Mar 30, 2021
How to design a confocal fluorescent microscope in OpticStudio
Confocal microscopy, most frequently confocal laser scanning microscopy (CLSM) or laser confocal scanning microscopy (LCSM) is an optical imaging technique for increasing optical resolution and contrast of a micrograph by means of using a spatial pinhole to block out-of-focus light in image formation. Capturing multiple two-dimensional images at different depths in a sample enables the reconstruction of three-dimensional structures (a process known as optical sectioning) within an object. This technique is used extensively in the scientific and industrial communities and typical applications are in life sciences, semiconductor inspection and materials science.
OpticStudio uses the combination of the Sequential and Non-Sequential modes to design such a system. The system is designed in two major parts: from the laser source to the microscope objective, and from the microscope objective to the tube lens and detector.
Confocal fluorescent microscopy is a means of obtaining high resolution 3D images of a sample and is especially useful in the life sciences and in the semiconductor industry. To generate such high-quality results, the microscopes are designed in two major parts: from the laser source to the microscope objective, and from the microscope objective to the detector. In this article we provide a walk-through of the design to show how to accurately model confocal microscopes in OpticStudio. The microscope objective used in this example is the "Microscope Objective 60x" available in Zemax Design Templates (or file example K_007 previously in Zebase), which is available to all editions of Subscription OpticStudio 20.2 or above.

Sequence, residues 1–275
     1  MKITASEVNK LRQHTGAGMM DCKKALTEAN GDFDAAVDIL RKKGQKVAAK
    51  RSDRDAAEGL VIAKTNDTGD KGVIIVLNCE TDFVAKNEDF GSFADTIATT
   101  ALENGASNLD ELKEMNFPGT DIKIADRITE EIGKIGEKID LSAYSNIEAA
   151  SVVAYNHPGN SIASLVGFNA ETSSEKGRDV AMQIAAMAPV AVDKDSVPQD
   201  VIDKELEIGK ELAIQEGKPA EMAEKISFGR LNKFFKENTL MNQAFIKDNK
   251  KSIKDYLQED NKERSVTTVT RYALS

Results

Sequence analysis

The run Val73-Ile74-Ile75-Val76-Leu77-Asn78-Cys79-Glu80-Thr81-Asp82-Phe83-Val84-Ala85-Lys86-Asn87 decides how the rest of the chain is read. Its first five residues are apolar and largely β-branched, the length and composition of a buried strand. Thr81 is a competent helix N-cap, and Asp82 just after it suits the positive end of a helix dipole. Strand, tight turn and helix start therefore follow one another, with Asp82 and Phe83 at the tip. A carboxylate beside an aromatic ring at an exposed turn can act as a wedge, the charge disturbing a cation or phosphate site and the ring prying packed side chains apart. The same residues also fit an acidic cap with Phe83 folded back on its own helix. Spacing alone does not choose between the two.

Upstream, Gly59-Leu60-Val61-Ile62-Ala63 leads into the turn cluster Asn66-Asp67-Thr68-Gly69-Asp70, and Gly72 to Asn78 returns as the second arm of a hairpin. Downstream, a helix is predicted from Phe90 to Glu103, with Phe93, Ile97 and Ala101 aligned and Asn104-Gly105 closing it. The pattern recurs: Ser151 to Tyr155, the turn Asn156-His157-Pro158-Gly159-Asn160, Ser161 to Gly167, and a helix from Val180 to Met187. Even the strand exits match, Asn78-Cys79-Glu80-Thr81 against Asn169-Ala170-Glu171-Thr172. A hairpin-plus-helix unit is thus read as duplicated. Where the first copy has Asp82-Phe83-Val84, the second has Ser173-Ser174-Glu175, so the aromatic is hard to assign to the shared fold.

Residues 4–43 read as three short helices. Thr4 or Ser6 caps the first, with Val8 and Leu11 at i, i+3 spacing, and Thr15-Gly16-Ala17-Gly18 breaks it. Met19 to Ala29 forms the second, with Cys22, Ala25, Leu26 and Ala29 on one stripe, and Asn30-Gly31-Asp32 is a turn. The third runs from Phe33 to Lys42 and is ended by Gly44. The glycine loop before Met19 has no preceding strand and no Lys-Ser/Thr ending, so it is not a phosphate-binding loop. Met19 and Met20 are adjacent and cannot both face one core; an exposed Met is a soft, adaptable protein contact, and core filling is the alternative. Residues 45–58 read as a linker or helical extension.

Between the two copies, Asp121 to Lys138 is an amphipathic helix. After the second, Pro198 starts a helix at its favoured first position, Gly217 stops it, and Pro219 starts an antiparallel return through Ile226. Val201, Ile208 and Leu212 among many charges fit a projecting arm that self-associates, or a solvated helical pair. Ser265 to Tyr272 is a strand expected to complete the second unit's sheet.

A confocal fluorescent microscope's optical system consists of a laser illumination source, a focusing lens, a collimating lens, a microscope objective, a tube lens, and a detector. These optics are configured in the following orientation:
The purple beam represents the propagation of the laser source. The thicker red beam represents the in-focus fluorescence captured by the detector. The thinner red beam is included to illustrate the purpose of the second pinhole. The first pinhole is placed between the laser focusing and collimating optics. The second pinhole is placed after the tube lens in front of a photodetector. The placement of these pinholes at conjugate points is what makes this design a confocal microscope.
To learn more about how to design the laser focus system, tube lens, convert to non-sequential mode and model the sample, Zemax customers can access the entirety of this Knowledgebase article and the entire series on MyZemax.com. Otherwise, please reach out to Zemax Sales to learn more about OpticStudio.